View Full Version : Medication Questions

01-14-10, 11:11 AM
Hello. I am new here. My son is 9 and he was diagnosed with ADD in the first grade. We've muddled along until now with the help of great teachers, but things are getting a bit worse. To make a long story short, we've decided to try medication. Here is my dilemma: We tried Concerta (extended release). I gave it to him on a Saturday morning because I wanted to try it at home before I sent him to school on it. I gave it to him at 9 am, which is later than I would have on a school morning and later than the doctor recommended. He was fine during the day, but he could not go to sleep until 2 am. Now the doctor is suggesting Metadate extended release because they have better success with it and difficulty sleeping. I can't seem to find much info on this drug, though. Does anyone have any experience with it? Does anyone have experience with Concerta and sleep? Should I ask the doc to let me try Concerta again earlier in the day? Thanks in advance.

01-14-10, 12:40 PM
Metadate CD was designed to replace immediate-release methylphenidate twice daily. Pharmacokinetics of this preparation suggest that the clinical benefit would be expected to extend over a period of approximately 6-8 hours, covering the school day but not into the evening. This is in contrast to the Concerta that has a clinical benefit over a 12 hour period. Both Metadate and Concerta are the exact same medicine. The amount of time they last is just different.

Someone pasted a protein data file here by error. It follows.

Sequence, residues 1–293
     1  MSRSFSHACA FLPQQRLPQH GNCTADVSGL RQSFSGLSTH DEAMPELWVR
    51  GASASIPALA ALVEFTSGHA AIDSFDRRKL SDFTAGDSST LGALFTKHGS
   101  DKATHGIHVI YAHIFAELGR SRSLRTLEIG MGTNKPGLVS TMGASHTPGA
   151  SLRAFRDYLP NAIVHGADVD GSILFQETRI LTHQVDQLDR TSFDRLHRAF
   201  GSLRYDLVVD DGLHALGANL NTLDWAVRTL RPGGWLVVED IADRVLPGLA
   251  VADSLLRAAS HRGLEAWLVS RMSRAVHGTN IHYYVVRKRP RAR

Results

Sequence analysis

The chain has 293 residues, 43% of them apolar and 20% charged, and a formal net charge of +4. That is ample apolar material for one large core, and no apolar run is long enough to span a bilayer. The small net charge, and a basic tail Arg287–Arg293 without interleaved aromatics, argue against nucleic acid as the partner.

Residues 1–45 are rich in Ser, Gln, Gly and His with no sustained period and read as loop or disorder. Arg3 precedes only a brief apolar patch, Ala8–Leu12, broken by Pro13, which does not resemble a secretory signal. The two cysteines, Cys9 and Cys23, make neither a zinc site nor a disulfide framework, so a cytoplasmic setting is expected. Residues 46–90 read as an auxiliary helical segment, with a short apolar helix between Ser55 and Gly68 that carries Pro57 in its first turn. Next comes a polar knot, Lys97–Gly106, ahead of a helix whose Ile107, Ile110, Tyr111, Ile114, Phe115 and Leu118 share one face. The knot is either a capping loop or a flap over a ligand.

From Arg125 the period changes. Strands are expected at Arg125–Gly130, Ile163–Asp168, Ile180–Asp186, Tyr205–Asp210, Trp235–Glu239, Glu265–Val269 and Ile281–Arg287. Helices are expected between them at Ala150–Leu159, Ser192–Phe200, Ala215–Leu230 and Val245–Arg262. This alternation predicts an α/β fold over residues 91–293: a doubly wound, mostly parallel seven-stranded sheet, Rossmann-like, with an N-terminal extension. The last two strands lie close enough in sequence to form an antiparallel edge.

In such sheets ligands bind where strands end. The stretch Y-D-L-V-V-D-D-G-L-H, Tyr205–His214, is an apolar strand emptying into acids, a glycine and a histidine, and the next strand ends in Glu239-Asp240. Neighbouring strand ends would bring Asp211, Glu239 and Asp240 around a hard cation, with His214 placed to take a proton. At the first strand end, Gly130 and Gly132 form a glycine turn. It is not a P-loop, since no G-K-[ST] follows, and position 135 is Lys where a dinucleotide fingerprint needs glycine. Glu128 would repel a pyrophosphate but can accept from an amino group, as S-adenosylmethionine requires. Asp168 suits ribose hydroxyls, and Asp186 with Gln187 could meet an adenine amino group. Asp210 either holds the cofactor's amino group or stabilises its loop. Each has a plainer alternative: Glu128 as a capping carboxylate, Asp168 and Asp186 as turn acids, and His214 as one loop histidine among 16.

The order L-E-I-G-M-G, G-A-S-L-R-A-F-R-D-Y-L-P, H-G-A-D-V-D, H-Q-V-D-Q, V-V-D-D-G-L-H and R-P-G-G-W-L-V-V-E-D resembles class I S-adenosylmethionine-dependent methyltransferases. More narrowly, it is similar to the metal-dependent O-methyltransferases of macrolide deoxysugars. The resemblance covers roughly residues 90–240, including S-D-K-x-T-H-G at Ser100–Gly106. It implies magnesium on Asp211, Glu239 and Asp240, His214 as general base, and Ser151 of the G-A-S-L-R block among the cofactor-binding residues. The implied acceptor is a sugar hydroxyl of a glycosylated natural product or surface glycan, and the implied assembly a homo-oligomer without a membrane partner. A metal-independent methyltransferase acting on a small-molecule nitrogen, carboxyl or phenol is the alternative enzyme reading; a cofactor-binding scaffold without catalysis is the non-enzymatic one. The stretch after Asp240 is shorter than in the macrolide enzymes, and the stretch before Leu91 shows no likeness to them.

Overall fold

01-14-10, 01:25 PM
tessmesser has said it well. Work with the doc to get the medication that works best for your son. To reduce sleep issues, go to a shorter extended release med like Metadate.

Basically the immediate release ritalin lasts about 4 hours (so is taken a couple times a day), metadate is 6-8 hours and concerta is 8-12 hours long (depending on the person). The goal is to find a med and dose to get long enough effect without sleep issues and tailor the dosing to your son's individual needs. With any of the meds, as your son adjusts to the dose, the med may not last as long or be as effective and the dose needs to be increased. Usually, once the optimal dose is found, the dose will stay the same for at least a while (my daughter has been on her current concerta dose of 54 for a few years now). This type of dose titration is standard during the initial period where you are trying to find the optimal dose.

01-14-10, 04:39 PM
Thank you!